I will avoid the use of names here, I am not sure is the owners would appreciate my using them and they really add nothing to this description. Thus I will follow Galileo and use names that reflect the individual views. It is these views that were intriguing, for this day I met several people with entirely different motivations that make a very interesting contrast. It was fascinating to me that in the span of one conversation I would meet people who so typified the various groups that have become involved in the controversy.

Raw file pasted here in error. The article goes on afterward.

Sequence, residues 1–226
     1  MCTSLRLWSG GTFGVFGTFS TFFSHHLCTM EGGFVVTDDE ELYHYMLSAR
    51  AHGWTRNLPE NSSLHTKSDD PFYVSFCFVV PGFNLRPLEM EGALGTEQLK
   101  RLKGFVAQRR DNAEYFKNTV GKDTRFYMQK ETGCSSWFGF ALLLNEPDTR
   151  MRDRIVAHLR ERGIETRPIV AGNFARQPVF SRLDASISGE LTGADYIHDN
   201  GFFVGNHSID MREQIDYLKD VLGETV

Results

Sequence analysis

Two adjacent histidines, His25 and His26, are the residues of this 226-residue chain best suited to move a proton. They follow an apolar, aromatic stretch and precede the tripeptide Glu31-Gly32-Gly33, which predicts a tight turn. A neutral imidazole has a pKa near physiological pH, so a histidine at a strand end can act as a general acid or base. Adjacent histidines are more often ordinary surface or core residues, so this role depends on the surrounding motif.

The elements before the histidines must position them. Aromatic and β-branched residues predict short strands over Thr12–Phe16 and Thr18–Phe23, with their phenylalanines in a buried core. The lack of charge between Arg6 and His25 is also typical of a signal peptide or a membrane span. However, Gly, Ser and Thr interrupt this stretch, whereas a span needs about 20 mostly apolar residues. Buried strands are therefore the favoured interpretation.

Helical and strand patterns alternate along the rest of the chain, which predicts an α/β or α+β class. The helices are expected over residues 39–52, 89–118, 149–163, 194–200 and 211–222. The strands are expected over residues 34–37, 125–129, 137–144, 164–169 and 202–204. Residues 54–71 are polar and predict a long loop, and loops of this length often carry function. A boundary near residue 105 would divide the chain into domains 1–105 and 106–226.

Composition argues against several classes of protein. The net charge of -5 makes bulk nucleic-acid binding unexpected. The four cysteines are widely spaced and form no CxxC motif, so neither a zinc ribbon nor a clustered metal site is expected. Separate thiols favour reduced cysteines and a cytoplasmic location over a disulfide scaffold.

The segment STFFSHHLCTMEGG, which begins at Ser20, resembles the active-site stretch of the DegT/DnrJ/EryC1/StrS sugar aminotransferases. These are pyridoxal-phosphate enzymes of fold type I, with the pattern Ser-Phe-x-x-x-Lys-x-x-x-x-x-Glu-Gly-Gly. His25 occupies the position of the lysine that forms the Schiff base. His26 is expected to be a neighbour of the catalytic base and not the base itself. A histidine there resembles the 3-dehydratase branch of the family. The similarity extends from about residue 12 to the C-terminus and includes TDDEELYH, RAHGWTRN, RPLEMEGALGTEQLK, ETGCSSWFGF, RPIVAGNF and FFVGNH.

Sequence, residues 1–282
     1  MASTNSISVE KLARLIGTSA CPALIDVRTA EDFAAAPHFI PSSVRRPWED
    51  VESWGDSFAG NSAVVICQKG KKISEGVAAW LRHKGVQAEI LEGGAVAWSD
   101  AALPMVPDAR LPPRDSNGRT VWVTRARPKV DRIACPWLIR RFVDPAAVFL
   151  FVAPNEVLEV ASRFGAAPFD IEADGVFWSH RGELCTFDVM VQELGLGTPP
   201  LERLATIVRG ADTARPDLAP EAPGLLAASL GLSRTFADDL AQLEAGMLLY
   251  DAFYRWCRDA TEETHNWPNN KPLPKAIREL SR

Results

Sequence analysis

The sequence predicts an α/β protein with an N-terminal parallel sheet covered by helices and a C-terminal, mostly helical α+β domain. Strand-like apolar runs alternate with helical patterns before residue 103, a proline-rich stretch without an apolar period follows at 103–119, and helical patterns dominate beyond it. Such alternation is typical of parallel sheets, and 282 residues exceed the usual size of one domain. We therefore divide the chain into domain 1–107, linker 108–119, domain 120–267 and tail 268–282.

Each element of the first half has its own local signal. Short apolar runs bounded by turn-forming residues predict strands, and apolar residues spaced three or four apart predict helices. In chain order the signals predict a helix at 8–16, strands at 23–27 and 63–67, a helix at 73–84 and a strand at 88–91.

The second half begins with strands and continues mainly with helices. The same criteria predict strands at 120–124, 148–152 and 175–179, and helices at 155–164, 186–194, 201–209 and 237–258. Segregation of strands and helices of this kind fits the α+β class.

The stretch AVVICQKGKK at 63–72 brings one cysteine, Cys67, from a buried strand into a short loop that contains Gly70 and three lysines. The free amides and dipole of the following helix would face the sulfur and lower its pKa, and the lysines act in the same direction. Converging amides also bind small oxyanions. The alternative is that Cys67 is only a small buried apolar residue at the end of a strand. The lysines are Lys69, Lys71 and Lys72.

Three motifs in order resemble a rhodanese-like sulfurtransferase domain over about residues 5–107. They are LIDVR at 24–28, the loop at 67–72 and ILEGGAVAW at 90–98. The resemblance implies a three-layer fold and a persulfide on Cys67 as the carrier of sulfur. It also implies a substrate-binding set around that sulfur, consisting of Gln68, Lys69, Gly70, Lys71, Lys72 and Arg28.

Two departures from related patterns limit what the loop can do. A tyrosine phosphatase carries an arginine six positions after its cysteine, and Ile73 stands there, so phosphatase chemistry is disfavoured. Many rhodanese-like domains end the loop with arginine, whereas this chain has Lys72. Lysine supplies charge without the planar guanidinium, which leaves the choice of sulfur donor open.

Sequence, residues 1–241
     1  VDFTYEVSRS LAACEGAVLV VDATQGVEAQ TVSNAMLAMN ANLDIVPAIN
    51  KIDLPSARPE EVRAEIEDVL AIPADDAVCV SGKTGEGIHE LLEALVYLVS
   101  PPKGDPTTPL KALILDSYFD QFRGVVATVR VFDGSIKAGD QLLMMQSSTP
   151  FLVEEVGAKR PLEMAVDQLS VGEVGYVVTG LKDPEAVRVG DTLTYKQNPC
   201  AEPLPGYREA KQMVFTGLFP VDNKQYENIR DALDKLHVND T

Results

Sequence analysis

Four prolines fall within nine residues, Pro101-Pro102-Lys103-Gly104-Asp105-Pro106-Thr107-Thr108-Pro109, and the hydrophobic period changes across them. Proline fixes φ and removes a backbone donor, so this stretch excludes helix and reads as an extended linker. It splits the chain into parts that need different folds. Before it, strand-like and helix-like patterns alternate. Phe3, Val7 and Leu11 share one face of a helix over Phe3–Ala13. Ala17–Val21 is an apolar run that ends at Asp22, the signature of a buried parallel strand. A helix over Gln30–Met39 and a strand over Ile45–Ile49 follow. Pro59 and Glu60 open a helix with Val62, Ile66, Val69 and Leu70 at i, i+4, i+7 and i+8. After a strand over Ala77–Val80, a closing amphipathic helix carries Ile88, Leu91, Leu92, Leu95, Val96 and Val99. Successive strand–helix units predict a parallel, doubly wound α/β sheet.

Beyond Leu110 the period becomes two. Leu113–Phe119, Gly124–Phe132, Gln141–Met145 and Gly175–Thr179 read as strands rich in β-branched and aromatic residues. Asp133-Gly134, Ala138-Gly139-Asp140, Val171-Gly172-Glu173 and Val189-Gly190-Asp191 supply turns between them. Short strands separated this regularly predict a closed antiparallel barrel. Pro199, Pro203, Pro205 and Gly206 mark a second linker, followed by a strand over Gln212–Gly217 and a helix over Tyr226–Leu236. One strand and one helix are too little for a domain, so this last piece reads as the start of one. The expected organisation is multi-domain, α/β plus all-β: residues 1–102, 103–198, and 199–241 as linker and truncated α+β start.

The first to greet me as I came across the street was a gentleman I will call Mr. Sovereignty for his position on the matter. The argument atop Mauna Kea has become embroiled in a range of issues that have simmered in the islands for a long time. Among those who are against the construction of TMT are some who are simply against any further telescopes on Mauna Kea and also those who see the issue as wrapped up in questions on the legal status of the State of Hawaii. The main thrust of a common argument is that the Kingdom of Hawaii was illegally overthrown. Their goal is nothing less than the restoration of the kingdom as a sovereign entity.

Continue reading A Conversation on Mauna Kea…